5 Habits To Avoid When You’re Working Hard to Save Money

Piggy bank picking up coins
December 28, 2022

There are many obstacles to what we want to achieve in life, especially in saving money. Here are the five questions to ask yourself in order to be more effective at saving money.

Have you ever worked hard to save money, but can’t seem to get anywhere? No matter what you do, there seems to be nothing left and you just keep living paycheck to paycheck? If that's the case, there may be something you can improve on to bank some more of your hard earned cash.

Below are 5 possible culprits I've learned to watch out for in order for you to save more and get on top of your finances. 

1) Do You Pay Yourself First?

Do you pay yourself first? It is very important that we put our savings in the bank. If we don’t put our savings in a bank, there can be a tendency to pull it out or use it whenever something comes up. Maybe we want to buy something or extra expenses pop up.

We might not budget or keep it somewhere like a bank. Also be aware to keep your cash in a bank if possible or in a safe place so it’s not misplaced or stolen. If it’s stolen, we can lose our desire to save money.

I remember when my wife and I were newlyweds, we didn’t even have enough money to put into a bank account. But we tried to save some money, even if it was just a little. However, no matter what we did, we had the hardest time saving.

But, when we decided to open a bank account, we noticed that our money was growing. Even if it was slow, we could see actual progress. Pay yourself first by setting up auto-transfers in your bank. Set aside 20-30% of your post-tax income if possible, but any amount is a good start.

2) Are You Spending More than You’re Making?

Do you ever end up spending more than you’re actually making? If you are one of those people who likes to follow fashion or must have the latest gadgets, then it may be difficult to save money in the long run.

My wife and I are foodies. We love trying new food and going new places. When we were first married, we would often go out to eat but didn’t really have much disposable income to do this. Sometimes, we even borrowed money from friends just to use for certain expenses. Every paycheck we received just went to paying our debts and we continued to live paycheck to paycheck. 

Work to create a budget, even if it’s a simple budget to start. This way, you know how much is coming in and how much is going out. This will help you know your spending limitations. 

3) Do You Avoid Places Where You Like to Spend?

 One of the things that I don't want my wife to visit  is usually the mall. When she sees something on sale, she can't refuse to buy it.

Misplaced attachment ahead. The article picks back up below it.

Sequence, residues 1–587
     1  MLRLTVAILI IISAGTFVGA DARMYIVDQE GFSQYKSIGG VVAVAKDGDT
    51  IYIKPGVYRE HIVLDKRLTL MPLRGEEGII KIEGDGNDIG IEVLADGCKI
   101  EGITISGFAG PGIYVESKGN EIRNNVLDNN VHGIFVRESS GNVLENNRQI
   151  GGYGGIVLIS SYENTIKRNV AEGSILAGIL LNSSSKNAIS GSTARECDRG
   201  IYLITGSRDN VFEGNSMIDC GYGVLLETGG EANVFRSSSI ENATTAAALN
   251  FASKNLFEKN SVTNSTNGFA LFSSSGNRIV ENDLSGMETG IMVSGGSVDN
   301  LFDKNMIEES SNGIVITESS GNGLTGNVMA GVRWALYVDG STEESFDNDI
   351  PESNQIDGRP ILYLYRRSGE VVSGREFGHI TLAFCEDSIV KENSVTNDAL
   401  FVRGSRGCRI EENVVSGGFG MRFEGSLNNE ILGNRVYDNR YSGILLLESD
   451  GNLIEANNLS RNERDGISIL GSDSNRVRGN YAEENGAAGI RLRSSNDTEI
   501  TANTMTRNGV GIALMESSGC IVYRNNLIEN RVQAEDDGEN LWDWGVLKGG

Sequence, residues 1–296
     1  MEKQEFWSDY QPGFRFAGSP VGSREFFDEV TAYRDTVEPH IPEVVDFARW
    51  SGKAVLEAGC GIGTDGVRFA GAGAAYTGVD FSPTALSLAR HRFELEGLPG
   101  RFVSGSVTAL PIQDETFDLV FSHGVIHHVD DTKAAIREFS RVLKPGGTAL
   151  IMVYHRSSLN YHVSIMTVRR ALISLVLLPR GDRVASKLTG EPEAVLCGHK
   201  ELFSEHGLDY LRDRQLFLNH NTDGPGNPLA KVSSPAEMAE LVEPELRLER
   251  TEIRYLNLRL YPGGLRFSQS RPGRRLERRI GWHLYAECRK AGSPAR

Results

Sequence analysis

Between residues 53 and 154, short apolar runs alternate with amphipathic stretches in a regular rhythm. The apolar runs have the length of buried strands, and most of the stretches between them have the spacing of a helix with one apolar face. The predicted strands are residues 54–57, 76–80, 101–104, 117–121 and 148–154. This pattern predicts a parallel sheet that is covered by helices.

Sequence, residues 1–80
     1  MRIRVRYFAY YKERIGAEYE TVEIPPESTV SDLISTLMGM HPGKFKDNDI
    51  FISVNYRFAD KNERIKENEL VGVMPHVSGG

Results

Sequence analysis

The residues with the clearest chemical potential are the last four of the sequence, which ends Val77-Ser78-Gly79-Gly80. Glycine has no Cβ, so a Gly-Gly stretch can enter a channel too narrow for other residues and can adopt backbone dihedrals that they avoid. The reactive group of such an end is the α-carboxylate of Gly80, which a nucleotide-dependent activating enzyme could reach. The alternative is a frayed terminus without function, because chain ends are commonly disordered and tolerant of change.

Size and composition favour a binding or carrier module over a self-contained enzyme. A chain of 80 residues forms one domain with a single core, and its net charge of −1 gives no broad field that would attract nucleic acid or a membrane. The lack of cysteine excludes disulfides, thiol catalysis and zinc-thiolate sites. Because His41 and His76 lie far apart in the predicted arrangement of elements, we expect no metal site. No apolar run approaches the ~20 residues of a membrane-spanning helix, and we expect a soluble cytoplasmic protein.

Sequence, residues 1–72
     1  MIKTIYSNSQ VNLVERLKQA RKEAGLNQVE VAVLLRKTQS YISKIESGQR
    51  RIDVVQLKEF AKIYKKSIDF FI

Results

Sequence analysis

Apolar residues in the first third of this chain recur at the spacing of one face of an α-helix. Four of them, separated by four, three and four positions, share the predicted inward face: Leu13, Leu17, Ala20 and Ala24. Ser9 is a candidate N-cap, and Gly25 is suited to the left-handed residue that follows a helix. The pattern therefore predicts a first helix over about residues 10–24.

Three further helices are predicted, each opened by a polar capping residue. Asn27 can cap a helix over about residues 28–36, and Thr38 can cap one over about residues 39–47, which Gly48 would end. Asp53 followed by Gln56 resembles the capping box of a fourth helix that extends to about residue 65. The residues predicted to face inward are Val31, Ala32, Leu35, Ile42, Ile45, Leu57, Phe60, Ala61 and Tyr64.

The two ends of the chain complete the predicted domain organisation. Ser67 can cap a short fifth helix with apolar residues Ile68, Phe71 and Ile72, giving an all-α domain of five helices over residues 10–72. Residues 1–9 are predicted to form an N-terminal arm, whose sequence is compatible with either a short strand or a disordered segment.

So, if you want to avoid this habit, you can try going to the mall less. The more you are in the mall, the more you are exposed to the temptation of purchasing things you don’t really need. Even if you don't intend to buy, you will find yourself buying because items are “on sale”.

The lesson is that if you avoid places where you tend to spend more money and don’t get there in the first place, then you won’t be tempted to spend money on things you don’t need. 


4) Do You Have High-interest Loans?

Debt is a major reason why many people fall into or stay in poverty. People start using bad debt before understanding its implications and before they know it, they’re in a vicious cycle. On the flip side, if you know how to use good debt, then you can prosper in life.

If only they were more educated and disciplined to use debt to their advantage. You should try and avoid bad debt such as credit cards, payday loans, or high interest car loans. 

Good debt can include a mortgage for your house, which is typically amortized over 15-30 years and a fixed payment. Good debt allows your money to grow.
Avoid high interest loans or don't borrow at all if you’re not in a position to secure good debt. If you are in debt, try to consolidate the debt and work side jobs to earn more to try and pay it off as quickly as possible. 

5) Are You Prepared for an Emergency? 

Surprises happen in life, whether it’s a surprise car bill or unexpected medical expense. It is important that we have emergency funds because this is where we draw when our partner or children are sick or there is an emergency in the family. If we are not prepared for an emergency or we don't have an emergency fund and something comes up, then we may end up spending the hard earned money we have saved in the bank. 

When we have an emergency fund, then we don’t have to touch our savings or take on high-interest debt. Work to have a $1,000 emergency fund first and then work up to 3-6 months of living expenses eventually.

They say, “if you want something you never had, you must be willing to do something you have never done.” Everything we want to achieve in life requires discipline and patience. So, brainstorm the things you start implementing in your life or avoid in order to be more effective in saving money for the future.